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Nicknamed after his hometown of Kakabeka, Canada, Kak dreams of flying with the Allied bombers in World War II. So at 16, underage and desperate to escape his abusive parents, he enlists in the Canadian Air Force. Soon he is trained as a wireless operator and sent to a squadron in England, where he's unabashedly gung ho about flying his first op. He thinks the night ops over Germany will be like the heroic missions of his favorite comic-book heroes. Good will vanquish evil. But his first time out, in a plane calledB for Buster, reveals the ops for what they really are--a harrowing ordeal. The bombing raids bring searchlights . . . artillery from below . . . and night fighters above hunting to take the bombers down. One hit, Kak knows, andB for Buster, along with him and his six crewmates, could be destroyed. Kak is terrified. He can't confide his feelings to his crew, since he's already worried that they'll find out his age. Besides, none of them seem afraid. Only in Bert, the slovenly caretaker of the homing pigeons that go on every op, does Kak find an unlikely friend. Bert seems to understand what the other men don't talk about--the shame, the sense of duty, and the paralyzing fear. As Kak seeks out Bert's company, he somehow finds the strength to face his own uncertain future.
Sequel to "The Smugglers" "There's pirates in the West Indies. Cannibals. They cook you alive. " His father's words will haunt seventeen-year-old John Spencer as he embarks on his first voyage to foreign lands. Carrying cargo destined for Jamaica, John and his Dragon crew set off from London for waters few of them have sailed before. When they come upon a lifeboat adrift, some are wary of the sailor on board. His name is Horn, and something about him isn't right. Still, John respects his awe-inspiring seamanship. But is Horn to be trusted?
As Tom Tin nears Australia, where he's to serve a lengthy sentence for a murder he didn't commit, he and his fellow convict, Midgely, plot their escape. No matter that the ship carrying them and the other juvenile criminals is captained by Tom's father. Tom knows his father can't help him clear his name and regain his freedom-not as long as Mr. Goodfellow, a man who wants the ruin of the Tin family, wields power back in London. So Tom and Midgely decide to go overboard! So do other boys who seize their chance at liberty-boys who aren't so innocent, and who have it in for Tom. To make things worse, the islands in the Pacific look inviting, but Tom remembers his father's warnings: headhunters and cannibals lurk there! The boys go anyway. And as conflict among them mounts, as they encounter the very dangers Captain Tin spoke of, Tom must fight to keep himself and Midgely alive.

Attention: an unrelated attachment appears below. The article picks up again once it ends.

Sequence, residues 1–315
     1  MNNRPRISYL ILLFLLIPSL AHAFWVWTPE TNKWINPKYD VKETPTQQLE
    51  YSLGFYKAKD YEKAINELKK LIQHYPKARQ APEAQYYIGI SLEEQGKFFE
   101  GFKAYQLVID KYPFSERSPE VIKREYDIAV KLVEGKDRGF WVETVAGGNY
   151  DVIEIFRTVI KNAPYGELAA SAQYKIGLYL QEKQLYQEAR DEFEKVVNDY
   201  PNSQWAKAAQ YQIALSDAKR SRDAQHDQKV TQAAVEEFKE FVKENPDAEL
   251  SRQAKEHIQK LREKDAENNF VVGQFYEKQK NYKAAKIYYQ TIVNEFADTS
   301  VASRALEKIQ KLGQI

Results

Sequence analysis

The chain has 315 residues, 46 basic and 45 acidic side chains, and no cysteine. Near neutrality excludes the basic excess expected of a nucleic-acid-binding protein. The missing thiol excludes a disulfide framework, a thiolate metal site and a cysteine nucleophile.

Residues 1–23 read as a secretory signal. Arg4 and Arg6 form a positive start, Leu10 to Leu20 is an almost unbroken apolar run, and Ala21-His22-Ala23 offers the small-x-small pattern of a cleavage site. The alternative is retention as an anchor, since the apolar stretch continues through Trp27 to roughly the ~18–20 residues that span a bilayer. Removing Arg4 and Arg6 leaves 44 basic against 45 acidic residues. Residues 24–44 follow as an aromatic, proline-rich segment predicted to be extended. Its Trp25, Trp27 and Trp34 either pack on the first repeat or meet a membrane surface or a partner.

ADRIFT AT SEA, Tom Tin and his four convict companions are only too glad when they come upon a deserted ship. The boys clamber aboard, not knowing whether they've been saved or set on a course toward doom. But after rescuing two men stranded on a melting iceberg, Tom begins to suspect that these unsavory sailors are dangerous castaways from this very vessel. The more Tom questions the men, the more they dislike him. So, when Tom overhears them plotting to get rid of him, he knows they mean it. But t...
"The Castaways leaves readers breathless."--School Library Journal The spirited adventure that began in The Convicts and continued in The Cannibals has its riveting conclusion in The Castaways--in which Tom Tin and his four convict companions save two sailors stranded on an iceberg. There's Mr. Beezley, with his tattooed hands and icy stare; and Mr. Moyle, with his pig-like face and rotten teeth, who supposedly eats children. As Tom grows wary of the men, he suspects they are plotting to get rid of him. Buthow? And if Tom and the other boys can't stop the sailors, will they ever make it home to England, where Tom's diamond remains buried, and where he still stands a chance of sorting out his tangled fate? "The quirky characters and an incredible story with fast action will keep you turning the pages to see what happens next, complete with a very satisfying, surprise ending."--MyShelf.comFrom the Paperback edition.